Thought for the Day - Rev Lucy Winkett - 09/10/2012
Rev Lucy Winkett
A year before his suicide in 1970 the Russian born artist Mark Rothko donated to the Tate galleries his painting “Black on Maroon”. Rothko’s paintings are overwhelming; huge blocks of colour on gigantic canvases. They are arguably best viewed from very close, so that the colour almost envelops you as you as you approach them. He himself said of his work that he was expressing “basic human emotions - tragedy, ecstasy, doom...The people who weep before my pictures are having the same religious experience I had when I painted them."
The precise reason why a former art student, also Russian born, calmly by all accounts walked up to Rothko’s masterpiece in London on Sunday and wrote over it in marker pen is not yet clear and is the subject of a police investigation. Behaviour that crosses a line into vandalism can’t of course be condoned. And his claim that he will increase the value of the painting is an interesting if dubious one in this particular case. But there’s something else here. If an artist themselves makes something designed to provoke a reaction, can such a reaction be objected to? Is it possible to “deface” art after Duchamps’s famous moustache on Da Vinci’s Mona Lisa which became an art work in its own right and encouraged a succession of conceptual art that followed? Henry Moore’s public sculpture has been crawled over and discoloured by the heat and dirt of human touch. Does this add or detract to it? There are analogies here between what happens with art and what happens with religion. Art galleries, with their subsidised free entry and magnificent contents are said to be the new cathedrals. This is where many go in a modern city to contemplate the big questions of life and to experience the awakening of their spirits. Themes of orthodoxy and heresy may apply here too. Judgements about beauty, appropriateness and the classification of what art is, has resonances with organised religion, often keen to try to draw boundaries around doctrine, right ritual, agreed behaviour.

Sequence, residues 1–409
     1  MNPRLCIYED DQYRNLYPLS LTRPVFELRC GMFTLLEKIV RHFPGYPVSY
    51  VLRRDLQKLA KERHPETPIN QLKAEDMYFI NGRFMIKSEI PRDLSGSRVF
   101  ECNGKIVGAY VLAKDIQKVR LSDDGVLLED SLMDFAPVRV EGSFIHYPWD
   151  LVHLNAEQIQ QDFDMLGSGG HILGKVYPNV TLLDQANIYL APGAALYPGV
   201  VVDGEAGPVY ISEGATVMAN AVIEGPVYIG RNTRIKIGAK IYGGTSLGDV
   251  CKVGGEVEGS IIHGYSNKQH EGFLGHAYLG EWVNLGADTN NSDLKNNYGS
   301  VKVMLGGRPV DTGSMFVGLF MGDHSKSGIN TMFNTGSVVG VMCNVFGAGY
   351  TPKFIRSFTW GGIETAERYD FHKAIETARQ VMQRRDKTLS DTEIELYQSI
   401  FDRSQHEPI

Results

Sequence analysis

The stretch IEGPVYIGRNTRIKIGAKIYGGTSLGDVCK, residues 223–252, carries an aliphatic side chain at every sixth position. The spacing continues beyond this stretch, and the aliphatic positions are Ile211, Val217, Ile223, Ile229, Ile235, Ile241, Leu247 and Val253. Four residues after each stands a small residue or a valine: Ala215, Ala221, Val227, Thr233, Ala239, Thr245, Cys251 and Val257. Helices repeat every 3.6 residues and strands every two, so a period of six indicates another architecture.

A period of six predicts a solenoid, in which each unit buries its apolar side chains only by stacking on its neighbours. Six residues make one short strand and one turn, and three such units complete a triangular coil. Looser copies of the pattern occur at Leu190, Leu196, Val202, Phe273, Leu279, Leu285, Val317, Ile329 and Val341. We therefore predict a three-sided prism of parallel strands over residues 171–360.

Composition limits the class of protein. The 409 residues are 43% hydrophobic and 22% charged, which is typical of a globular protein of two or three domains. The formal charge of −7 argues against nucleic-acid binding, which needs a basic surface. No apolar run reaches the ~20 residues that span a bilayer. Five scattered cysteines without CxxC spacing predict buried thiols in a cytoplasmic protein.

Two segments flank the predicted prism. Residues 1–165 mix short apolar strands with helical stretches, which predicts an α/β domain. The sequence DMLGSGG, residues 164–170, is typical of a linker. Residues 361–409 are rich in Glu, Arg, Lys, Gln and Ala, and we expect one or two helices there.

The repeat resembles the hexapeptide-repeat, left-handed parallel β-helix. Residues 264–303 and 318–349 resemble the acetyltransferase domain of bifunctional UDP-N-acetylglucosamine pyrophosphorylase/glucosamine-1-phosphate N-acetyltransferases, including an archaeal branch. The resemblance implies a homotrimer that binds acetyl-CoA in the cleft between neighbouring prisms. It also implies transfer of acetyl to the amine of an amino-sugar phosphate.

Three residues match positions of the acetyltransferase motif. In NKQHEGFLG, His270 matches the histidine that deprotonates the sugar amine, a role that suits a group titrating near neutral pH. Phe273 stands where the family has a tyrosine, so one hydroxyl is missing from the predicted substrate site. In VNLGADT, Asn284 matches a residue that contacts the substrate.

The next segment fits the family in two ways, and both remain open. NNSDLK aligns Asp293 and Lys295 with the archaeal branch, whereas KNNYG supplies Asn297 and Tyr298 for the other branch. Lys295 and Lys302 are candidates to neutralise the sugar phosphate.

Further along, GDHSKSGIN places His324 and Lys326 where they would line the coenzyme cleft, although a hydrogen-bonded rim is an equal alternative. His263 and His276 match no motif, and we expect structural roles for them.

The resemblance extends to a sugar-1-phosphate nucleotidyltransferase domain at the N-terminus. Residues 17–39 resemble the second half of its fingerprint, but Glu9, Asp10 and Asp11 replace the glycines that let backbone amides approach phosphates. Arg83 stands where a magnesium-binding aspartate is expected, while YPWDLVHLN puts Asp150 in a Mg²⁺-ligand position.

But perhaps, notwithstanding this particular marker pen incident, it is as well to reflect that when the art establishment or religious institutions become too rigid about what is acceptable and what isn’t something precious is lost which is awareness of what the Bible calls the “spirit who blows where it wills”. The ungovernable and wholly independent spiritual reality that Christians call God, the generative presence that underpins the universe is the same spirit that inspires and invigorates the artist inside all of us who will not be told what to do or what to believe and who treasures our most precious human characteristic; imagination.